Causes of Mental Incapacity

Dementia and Alzheimer’s Disease

Dementia is a decline in mental ability which affects memory, thinking, problem-solving, concentration and perception. It is caused by the death of brain cells or damage in parts of the brain that deal with our thought processes. Some forms of dementia, such as Alzheimer’s, are degenerative and get worse over time. Other forms of dementia, such as vascular dementia, may be non-degenerative and may not progress any further.

People with dementia can become confused, restless or display repetitive behaviour. They can also seem irritable, tearful or agitated. Some people with dementia also develop other problems such as depression, disturbed sleep, aggression, inappropriate sexual behaviour and incontinence, although the latter normally only occur in more advanced dementia cases. Dementia is almost invariably a disease of ageing and is rare in people under 65.

The most common form of dementia is Alzheimer’s disease. The cause of Alzheimer’s disease isn’t known, but what is understood is that ageing is the main factor. The second most common type of dementia is vascular or multi-infarct dementia. This is caused by mini strokes that constrict blood flow and oxygen to the brain.

Is there a cure?

Unfortunately, there is currently no cure for most types of dementia. The exceptions are dementias related to vitamin deficiency (which can be treated with supplements) and head injuries (which can be treated through surgery).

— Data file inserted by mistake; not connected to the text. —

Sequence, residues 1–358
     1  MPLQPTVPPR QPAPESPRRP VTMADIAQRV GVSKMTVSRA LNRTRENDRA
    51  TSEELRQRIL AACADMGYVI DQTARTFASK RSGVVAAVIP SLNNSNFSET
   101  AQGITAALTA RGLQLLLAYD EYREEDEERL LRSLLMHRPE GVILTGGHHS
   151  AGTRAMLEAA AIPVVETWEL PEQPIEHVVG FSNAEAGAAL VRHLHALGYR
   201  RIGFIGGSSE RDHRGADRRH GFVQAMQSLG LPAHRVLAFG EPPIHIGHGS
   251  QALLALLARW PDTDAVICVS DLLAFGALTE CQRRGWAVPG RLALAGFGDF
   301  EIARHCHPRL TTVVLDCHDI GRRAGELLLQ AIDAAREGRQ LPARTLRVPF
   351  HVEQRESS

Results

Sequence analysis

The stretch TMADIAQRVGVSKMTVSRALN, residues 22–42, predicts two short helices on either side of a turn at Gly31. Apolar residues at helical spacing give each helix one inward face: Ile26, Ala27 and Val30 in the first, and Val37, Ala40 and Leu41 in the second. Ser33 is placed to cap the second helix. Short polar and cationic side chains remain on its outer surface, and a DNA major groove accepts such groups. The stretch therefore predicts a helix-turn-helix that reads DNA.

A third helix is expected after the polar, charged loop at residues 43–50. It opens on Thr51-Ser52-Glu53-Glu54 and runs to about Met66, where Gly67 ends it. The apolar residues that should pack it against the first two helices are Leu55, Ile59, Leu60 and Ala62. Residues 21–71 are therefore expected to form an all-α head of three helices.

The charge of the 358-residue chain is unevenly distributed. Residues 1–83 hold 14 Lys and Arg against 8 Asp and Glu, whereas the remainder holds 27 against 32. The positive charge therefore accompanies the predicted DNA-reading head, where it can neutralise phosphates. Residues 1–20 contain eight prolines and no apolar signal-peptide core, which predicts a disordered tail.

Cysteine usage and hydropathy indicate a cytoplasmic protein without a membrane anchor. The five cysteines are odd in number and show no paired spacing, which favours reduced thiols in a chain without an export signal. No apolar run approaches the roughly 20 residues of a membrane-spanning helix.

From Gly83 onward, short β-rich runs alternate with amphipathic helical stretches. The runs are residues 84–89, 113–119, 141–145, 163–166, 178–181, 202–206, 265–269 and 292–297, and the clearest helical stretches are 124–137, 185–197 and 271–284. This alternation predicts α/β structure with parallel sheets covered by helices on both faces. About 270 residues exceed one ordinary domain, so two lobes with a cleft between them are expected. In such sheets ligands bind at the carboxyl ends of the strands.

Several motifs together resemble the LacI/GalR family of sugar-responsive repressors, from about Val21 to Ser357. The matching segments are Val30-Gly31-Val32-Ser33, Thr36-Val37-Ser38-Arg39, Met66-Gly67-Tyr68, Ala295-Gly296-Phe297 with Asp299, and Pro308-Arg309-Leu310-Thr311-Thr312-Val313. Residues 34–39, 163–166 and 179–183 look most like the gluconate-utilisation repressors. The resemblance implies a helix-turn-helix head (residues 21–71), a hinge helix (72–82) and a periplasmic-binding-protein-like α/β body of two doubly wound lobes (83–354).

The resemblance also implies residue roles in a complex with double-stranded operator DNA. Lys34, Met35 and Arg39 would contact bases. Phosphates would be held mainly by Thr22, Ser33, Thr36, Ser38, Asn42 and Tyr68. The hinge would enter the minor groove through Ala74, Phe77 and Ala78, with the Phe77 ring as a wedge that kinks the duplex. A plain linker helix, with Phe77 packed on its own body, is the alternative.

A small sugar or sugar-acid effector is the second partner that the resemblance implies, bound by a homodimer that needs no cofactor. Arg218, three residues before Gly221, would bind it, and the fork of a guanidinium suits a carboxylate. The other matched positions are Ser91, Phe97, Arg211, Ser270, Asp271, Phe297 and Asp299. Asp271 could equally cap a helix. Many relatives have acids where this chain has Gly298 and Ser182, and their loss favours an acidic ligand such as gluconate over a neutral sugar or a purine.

There are a number of treatments which can go some way to alleviating or slowing down the progress of the condition, and these include psychological treatments and drugs that can help people in the early stages of dementia, but these are always limited in their effect.

Some lifestyle changes are thought to help prevent dementia. A healthy diet, regular exercise and keeping your mind active by, for example, doing crosswords, computer games or puzzles may help.

Other Causes

While the vast majority of cases of people being mentally incapacitated are due to dementia, there are other causes, and these include:

head injuries following an accident,
clinical negligence,
learning disabilities,
physical and sensory disabilities,
alcohol or substance abuse.